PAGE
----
STEPHANOPOULOS: So if Russia feels the systems that we built up is a threat, then you withdraw. That's the qualitative change?

MEDVEDEV: Then we can pose the question about premature end of that agreement. But I hope that something like that would not happen. And that we will be busy with those problems of sophistication of potential and the questions about the anti missile defense, we will consult each other and it's our wish to work on it together.

STEPHANOPOULOS: You mentioned that this language is in the preamble. Based on my reporting, I heard that in one of your final conversations negotiating with President Obama, you tried to get this language into the body of the text. And he pushed back quite forcefully. What kind of a negotiator is President Obama?

MEDVEDEV: I think that Mr. Obama as the President of the United States of America, he's pursuing the interests of the United States. And me as President of the Russian Federation, I'm trying to defend our interests. The point is that we don't have such huge plans about creation of missile defense systems like in America. But we do understand ourselves that if you build up or escalate the missile defense means to certain levels, they will be able to break the parity. Because what's the basis of today's agreement is the strategic offensive arms. It's based on that, the parties by compromising, by consulting with experts, came to the conclusion that there is a certain parity between us. The parity of certain delivery means and certain warheads, so we are lowering it down, the level of delivery systems and warheads. And we're setting the limit, which is much lower than in the 1991 agreement. But if the fixed parity is being preserved, which is 700 I believe, and 800 undeveloped and developed and 750 heads and the other party radically multiplies the number and power of its missile defense system, obviously that missile defense system is indeed becoming a part of the strategic offensive nuclear forces. Because it's capable of blocking the action of the other side. So an imbalance occurs, and this would be certainly the reason to have a review of that agreement. There is something, and I would like to remind you, I believe you have also a judicial background in your education, there is a famous latin proverb: clausula rebus sixtantus, the agreement is being considered in effect as long as the circumstances in which it was born remain. If they change, that would be the reason for a review of the agreement. That's for any agreement. Such circumstances in this case are related to the development of the anti missile defense system.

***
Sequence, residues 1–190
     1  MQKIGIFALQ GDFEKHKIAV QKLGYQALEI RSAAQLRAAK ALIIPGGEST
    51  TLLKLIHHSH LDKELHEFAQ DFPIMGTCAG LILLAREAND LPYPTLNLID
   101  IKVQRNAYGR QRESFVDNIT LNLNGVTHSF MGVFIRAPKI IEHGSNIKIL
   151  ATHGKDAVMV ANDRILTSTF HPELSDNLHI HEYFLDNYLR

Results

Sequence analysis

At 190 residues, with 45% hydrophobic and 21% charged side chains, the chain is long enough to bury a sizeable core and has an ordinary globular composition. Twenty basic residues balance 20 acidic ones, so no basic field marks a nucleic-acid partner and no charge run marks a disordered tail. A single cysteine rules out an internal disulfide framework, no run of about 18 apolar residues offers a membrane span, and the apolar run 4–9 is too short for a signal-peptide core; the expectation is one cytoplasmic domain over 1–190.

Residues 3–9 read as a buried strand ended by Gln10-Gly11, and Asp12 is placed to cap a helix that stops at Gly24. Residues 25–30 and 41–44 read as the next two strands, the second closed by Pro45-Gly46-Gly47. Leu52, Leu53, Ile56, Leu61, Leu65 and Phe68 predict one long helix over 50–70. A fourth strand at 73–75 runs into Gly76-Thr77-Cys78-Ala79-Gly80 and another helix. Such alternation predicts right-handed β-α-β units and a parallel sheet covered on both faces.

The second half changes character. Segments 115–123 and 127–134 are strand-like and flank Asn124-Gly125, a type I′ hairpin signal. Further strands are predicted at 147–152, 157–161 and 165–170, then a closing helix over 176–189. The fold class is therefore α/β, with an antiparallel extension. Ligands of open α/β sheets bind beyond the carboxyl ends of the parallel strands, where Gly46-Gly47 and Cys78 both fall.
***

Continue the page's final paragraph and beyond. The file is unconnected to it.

STEPHANOPOULOS: You've now met with President Obama many times. At least 15 meetings and phone calls.

MEDVEDEV: Sixteen times.

STEPHANOPOULOS: Sixteen. Okay, I knew it was 15. I wasn't sure about the 16. What do you make of Barack Obama the man?

MEDVEDEV: He's very comfortable partner, it's very interesting to be with him. The most important thing that distinguishes him from many other people – I won't name anyone by name – he's a thinker, he thinks when he speaks. Which is already pretty good.

STEPHANOPOULOS: You had somebody in your mind, I think. (LAUGHS)